UFC 121: Lesnar vs. Velasquez 10/23/10 Anaheim, CA Honda Center
Tom Lawler vs. Patrick Cote 3R. Lawler's camp had him on the attack the entire night because Cote isn't a counter puncher. Lawler totally dominated this boring, one-sided match with his wrestling, tying Cote up, putting him on his back, and pounding him to set up the arm triangle. Cote only escaped the arm triangle in the first because he cheated, using the cage to roll himself. Lawler got it again in the third, but Cote was hanging in there, so he used it to pass to side mount and pound the crap out of him. Cote never threatened Lawler, or even had any offense, during the entire 3 rounds. Lawler won a unanimous 30-27 decision. Below average match.
Ryan Jensen vs. Court McGee R3 1:21. Excellent comeback performance by McGee, persevering through Jensen's opening barrage and letting his hard work in the gym pay off. Jensen was dominating the standing battle, putting McGee down early with a left jab and scoring with several right hand counters. McGee began to come on somewhat late in the round as Jensen started to punch himself out, including bloodying Jensen's nose. In between rounds, McGee's corner instilled some confidence, saying he'd get him on conditioning, and it was beginning to look more and more true. Of course, it helped that McGee was striking with confidence, accuracy, and diversity in the 2nd, changing levels, and using body punches and leg kicks to slow Jensen. McGee got a takedown into side mount just before the bell, though the 2nd round was clearly his regardless. Both men were bloody, but Jensen was also totally gassed to start the third. You knew he was in big trouble when McGee got the early takedown. McGee was bludgeoning him with elbows. McGee got full mount and took him out with a triangle choke. Good match.
Mike Guymon vs. Daniel Roberts R1 1:13. Roberts was looking for the takedown, but flurried to get in and grab Guymon's neck. Roberts had a guillotine, but waited on the anaconda choke, winning once he got Guymon to the ground.
Gabriel Gonzaga vs. Brendan Schaub 3R. Schaub totally outclassed Gonzaga, using his big advantage in footwork and speed to dart in and out, landing without taking any return fire. He was beating Gonzaga to the punch every time. Gonzaga isn't a good counter puncher, but did adequately in the middle portion of round 1 when he began to plod forward and throw his kicks, which are some of the best in all of MMA. This strategy didn't work long term though, because Gonzaga couldn't catch up to Schaub unless Schaub wanted him to, so Gonzaga was pretty much the donkey chasing the carrot. Schaub stunned Gonzaga with a combination in the final 15 seconds, and went for the kill with a big flurry that dropped Gonzaga just as the round was ending. Gonzaga was really struggling to back away from Schaub's attacks, and you wondered why Schaub wasn't charging in with punch flurries more often, though Gonzaga does have one blow KO power. Schaub did perhaps the next best thing, which was leading with the jab. Gonzaga was looking so uncoordinated trying to avoid this, I kept waiting for him to trip over his own feet. Schaub had a clear advantage on the inside because Gonzaga couldn't kick, and in a boxing match, Schaub just beat Gonzaga to the punch every time. Gonzaga was totally gassed in the third and wasn't even kicking when they were open. Gonzaga also wasn't fighting with any sense of urgency. Part of it was his total lack of stamina, but still, it appeared he was delusional enough to believe he was winning the fight. Gonzaga stuffed a last second takedown and got a rear naked choke at the bell, raising his hand as if it was the capper on a winning performance. However, Schaub rightfully won a unanimous 30-27 decision. Above average match.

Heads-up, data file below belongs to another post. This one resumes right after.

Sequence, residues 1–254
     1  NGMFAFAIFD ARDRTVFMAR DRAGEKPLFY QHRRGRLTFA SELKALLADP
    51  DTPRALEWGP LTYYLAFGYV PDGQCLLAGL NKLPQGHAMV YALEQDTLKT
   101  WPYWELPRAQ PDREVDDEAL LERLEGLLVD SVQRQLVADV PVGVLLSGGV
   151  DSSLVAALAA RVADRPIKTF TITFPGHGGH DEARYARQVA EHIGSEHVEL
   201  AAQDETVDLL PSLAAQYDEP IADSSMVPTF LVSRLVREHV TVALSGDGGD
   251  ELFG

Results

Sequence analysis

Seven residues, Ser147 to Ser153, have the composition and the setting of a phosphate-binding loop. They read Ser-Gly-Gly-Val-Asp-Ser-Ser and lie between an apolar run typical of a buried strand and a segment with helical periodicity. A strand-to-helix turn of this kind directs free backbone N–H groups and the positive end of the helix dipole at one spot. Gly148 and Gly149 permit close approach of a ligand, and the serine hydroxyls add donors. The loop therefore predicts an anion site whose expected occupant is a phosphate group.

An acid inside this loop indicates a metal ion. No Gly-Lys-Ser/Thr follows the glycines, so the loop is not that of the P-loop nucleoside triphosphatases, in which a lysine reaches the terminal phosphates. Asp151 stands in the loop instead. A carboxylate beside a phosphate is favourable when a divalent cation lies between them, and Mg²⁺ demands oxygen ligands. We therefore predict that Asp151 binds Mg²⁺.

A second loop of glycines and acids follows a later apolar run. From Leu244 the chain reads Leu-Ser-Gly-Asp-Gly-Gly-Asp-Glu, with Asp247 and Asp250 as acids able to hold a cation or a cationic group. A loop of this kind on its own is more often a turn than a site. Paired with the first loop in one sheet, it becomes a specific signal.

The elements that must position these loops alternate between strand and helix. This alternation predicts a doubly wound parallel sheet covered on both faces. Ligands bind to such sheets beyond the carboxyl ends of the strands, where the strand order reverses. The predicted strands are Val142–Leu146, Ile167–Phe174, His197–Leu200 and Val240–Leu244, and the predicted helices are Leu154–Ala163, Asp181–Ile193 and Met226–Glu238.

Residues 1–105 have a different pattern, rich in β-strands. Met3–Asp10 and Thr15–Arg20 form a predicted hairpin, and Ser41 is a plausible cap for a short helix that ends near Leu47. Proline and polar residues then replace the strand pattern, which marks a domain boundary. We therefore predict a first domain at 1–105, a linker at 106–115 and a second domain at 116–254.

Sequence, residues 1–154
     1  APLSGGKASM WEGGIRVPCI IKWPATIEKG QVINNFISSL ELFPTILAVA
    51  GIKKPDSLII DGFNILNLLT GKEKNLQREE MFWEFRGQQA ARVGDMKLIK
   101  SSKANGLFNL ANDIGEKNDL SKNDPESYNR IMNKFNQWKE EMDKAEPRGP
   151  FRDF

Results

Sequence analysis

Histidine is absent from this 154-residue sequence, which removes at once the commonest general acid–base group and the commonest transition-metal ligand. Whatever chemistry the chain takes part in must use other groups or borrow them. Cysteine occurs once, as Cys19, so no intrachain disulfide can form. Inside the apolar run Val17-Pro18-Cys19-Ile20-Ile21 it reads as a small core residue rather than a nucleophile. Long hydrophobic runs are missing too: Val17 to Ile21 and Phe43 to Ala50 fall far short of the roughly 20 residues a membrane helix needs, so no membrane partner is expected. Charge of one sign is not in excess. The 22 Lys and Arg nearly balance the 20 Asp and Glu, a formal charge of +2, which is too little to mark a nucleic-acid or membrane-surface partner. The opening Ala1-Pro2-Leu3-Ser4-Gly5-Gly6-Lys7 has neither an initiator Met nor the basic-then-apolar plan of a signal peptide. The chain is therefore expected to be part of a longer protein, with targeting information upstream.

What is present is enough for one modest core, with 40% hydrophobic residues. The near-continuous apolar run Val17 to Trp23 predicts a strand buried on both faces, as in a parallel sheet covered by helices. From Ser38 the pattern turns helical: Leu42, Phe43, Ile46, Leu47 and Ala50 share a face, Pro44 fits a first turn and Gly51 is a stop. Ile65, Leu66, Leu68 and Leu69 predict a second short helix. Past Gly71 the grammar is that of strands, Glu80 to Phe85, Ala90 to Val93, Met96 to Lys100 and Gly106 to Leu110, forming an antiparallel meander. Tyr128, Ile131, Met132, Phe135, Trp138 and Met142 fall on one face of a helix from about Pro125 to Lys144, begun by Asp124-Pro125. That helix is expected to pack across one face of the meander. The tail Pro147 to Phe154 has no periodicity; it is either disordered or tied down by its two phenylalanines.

Matt Hamill vs. Tito Ortiz 3R. Ortiz hasn't won since his last victory over a decrepit Ken Shamrock on 10/10/06, but Dana White is still in the Tito Ortiz business since he likes to overpay washed up has beens. Ortiz didn't even attempt to shoot on Hamill, so we got 3 rounds of his never really adequate standup. Tito had a mouse under the left eye and a cut on the right side of the head almost before Hamill even got started, but he was looking very relaxed as he threw kicks, and even a spinning backfist. It was a pretty even fight for the first 8 minutes with neither landing many big shots. I felt Hamill won the first round, but Ortiz was a lot more accurate in the second, mixing knees in, which prompted Hamill to switch wrestling, where he dominated the rest of the fight with his ground and pound. Both were tired or lazy in the 3rd, fighting with no sense of urgency. Hamill was probably up 2 rounds, as he'd clearly done more damage and the late ground and pound outweighted Tito's early standup in the second, but no one has gotten more gifts from the UFC judges than Ortiz, so you have to assume it's at best an even fight. Hamill took Ortiz down with 90 seconds left, and gave him a taste of his own medicine with the short elbows to secure the victory. Hamill won a unanimous decision, but two judges did give Ortiz a round. Average match.